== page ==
• Consider combining with nonopioids to provide better analgesia and minimize side effects (e.g., opioid-sparing effect).56,59
  • Advise patients to taper off the opioid as their pain resolves, being mindful of the total daily dose of acetaminophen if weaning from an opioid/acetaminophen combo to acetaminophen.7
  • For more safety considerations, see our toolbox, Appropriate Opioid Use.

Parenteral opioids

(IV, epidural, or spinal [intrathecal])

  • Pain not expected to be relieved by non-opioids (e.g., invasive surgery [open abdominal surgery], major trauma [e.g., crush injuries, burns]) in patients who cannot take oral medications.4,7,56
  • Moderate to severe pain in patients with suspected malabsorption.56
  • Moderate to severe pain requiring immediate relief or rapid dose titration.56
  • Painful procedures.59
  • Pain due to MI despite nitroglycerin and beta-blocker (IV morphine).35
  • IV opioids have a quicker onset of action than oral opioids, allowing for faster titrations, but have more risks (e.g., adverse effects, ), and shorter duration of action.56
  • Consider combining with nonopioids to provide better analgesia and minimize side effects (e.g., opioid-sparing effect).56,59
  • PCAs may be preferred over intermittent dosing or continuous infusion due to improved pain control (despite lower doses), improved tolerability, and patient satisfaction (e.g., post-op patients).4
  • Use our chart, Equianalgesic Dosing of Opioids for Pain Management, for help with initial IV dosing, converting between opioids, or converting from IV to oral opioids once pain is controlled and oral intake is tolerated.
  • Follow policies to get pain service approval before adding a systemic opioid to a regional (e.g., epidural, spinal) opioid.


  • Consider fentanyl for patients with true allergy to morphine or hydromorphone.18
  • Consider when a fast onset but short duration of action is needed (e.g., procedures). IV: peaks in four to six minutes, and a single dose lasts 30 to 60 minutes.4,42 Epidural: a single dose lasts two to three hours.42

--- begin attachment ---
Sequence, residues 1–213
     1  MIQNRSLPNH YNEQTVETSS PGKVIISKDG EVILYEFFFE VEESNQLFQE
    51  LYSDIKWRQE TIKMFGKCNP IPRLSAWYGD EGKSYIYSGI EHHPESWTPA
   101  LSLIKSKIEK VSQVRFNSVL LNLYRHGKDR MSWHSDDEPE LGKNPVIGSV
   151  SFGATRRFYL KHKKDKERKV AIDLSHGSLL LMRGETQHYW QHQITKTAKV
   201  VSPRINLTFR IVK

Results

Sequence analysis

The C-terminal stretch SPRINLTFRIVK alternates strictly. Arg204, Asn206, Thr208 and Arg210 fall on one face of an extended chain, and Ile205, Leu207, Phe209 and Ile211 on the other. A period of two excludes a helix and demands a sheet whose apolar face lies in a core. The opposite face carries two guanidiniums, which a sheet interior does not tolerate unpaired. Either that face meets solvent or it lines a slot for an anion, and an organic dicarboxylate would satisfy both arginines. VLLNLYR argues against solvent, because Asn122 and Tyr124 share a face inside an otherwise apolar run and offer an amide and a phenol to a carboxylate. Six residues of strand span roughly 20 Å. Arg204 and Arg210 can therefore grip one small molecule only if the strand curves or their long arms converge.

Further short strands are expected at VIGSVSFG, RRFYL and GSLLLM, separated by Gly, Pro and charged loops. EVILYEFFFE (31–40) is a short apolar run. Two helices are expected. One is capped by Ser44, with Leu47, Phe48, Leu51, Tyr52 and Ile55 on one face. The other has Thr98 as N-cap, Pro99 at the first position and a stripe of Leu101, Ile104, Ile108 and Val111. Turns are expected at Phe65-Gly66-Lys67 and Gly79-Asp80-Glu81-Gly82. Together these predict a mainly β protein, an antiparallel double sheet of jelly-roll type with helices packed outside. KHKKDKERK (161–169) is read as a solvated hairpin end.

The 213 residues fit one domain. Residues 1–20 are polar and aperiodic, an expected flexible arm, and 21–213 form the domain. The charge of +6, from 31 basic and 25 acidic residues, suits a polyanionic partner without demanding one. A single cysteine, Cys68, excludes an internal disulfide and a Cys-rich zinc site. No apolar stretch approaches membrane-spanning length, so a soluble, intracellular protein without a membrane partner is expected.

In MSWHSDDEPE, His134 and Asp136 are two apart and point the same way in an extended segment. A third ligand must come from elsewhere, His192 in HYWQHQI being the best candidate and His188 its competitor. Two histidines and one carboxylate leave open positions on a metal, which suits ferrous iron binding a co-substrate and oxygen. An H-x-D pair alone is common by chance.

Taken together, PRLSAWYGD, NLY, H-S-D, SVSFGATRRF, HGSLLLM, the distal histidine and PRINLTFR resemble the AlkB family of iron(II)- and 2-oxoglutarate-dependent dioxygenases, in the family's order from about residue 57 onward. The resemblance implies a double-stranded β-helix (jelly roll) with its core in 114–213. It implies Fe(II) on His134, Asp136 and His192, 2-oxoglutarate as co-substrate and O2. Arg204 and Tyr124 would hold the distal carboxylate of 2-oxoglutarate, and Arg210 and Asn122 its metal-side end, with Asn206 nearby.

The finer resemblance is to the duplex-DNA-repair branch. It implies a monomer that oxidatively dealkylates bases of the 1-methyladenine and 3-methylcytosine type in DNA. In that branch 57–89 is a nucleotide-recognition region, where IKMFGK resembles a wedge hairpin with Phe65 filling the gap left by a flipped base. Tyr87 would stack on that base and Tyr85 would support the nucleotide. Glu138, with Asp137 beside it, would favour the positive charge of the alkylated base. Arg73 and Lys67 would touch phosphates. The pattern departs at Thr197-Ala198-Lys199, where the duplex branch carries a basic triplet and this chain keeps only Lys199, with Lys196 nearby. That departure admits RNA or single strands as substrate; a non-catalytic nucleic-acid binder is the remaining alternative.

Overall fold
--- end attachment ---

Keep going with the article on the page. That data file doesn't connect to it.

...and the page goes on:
• Accumulates in fat with repeat dosing; may not be a good choice in obesity.4
  • A preferred opioid in kidney disease.15 Dose cautiously.42


  • A preferred opioid in kidney impairment.15 However, use lower starting doses for CrCl <60 mL/min.15


  • Use IV morphine with caution in acute MI patients with bradycardia, right ventricular infarct, or hypotension.4
  • Not recommended in kidney impairment.4
  • Intrathecal or epidural morphine can last up to 24 hours.4,19

Local Anesthetics

(e.g., bupivacaine, ropivacaine, lidocaine, mepivacaine)

(For more on lidocaine patches and other topical pain relievers, see our chart, Topicals for Pain Relief.)

  • Opioid-sparing effect for patients at high risk from opioids (e.g., patients with lung disease, obstructive sleep apnea, morbid obesity, opioid tolerance, opioid misuse).20,21
  • Intrathoracic, abdominal, or spinal surgery (e.g., epidural anesthesia)22
  • Upper extremity/hand surgery (e.g., peripheral nerve block).24
  • Lower extremity surgery (e.g., total hip/knee arthroplasty (e.g., spinal or epidural anesthesia, peripheral nerve block)24
  • Carotid endarterectomy (e.g., peripheral nerve block)33
  • Deep laceration repair (e.g., local infiltration, peripheral nerve block)37
  • Post-op pain (e.g., surgical site pain [e.g., local anesthetics], intravenous lidocaine)32,38
  • For epidural administration, local anesthetics are often combined with an opioid to reduce the amount of local anesthetic needed.4
  • Ensure safe antithrombotic management in patients receiving regional anesthesia.
  • Elastomeric pumps (e.g., On-Q) can provide continuous infusion of local anesthetics to the surgical site for up to five days.31
  • Liposomal bupivacaine(Exparel [US]) is indicated for single-dose infiltration at the surgical site and as an interscalene brachial plexus nerve block to produce postsurgical local (infiltration) or regional (peripheral nerve block) analgesia.36 The bupivacaine implant (Xaracoll [US]) is indicated for placement into the surgical site to produce postsurgical analgesia for up to 24 hours after open inguinal hernia repair.39 Bupivacaine/meloxicam extended-release (Zynrelef [US]) is applied to the surgical site prior to suturing after foot and ankle, small-to-medium open abdominal, and lower extremity joint arthroplasty surgical procedures.41 Posimir (US) is a bupivacaine solution approved for administration into the subacromial space at the end of arthroscopic shoulder surgery.90
    • Data do not demonstrate consistent or substantial clinical advantages with use of liposomal bupivacaine over other local anesthetics.30
    • Compared to standard bupivacaine, bupivacaine/meloxicam extended-release reduces opioid use by ~5 to 10 mg of morphine in the first 24 hours, and pain score differences don’t seem clinically significant after about 24 hours.41
    • Avoid repeat bupivacaine doses, or other local anesthetics, for at least 96 hours after administration of Exparel, Xaracoll, or Zynrelef, and at least 168 hours after Posimir, due to persistence of bupivacaine in the systemic circulation and potential for overdose.36,39,41,90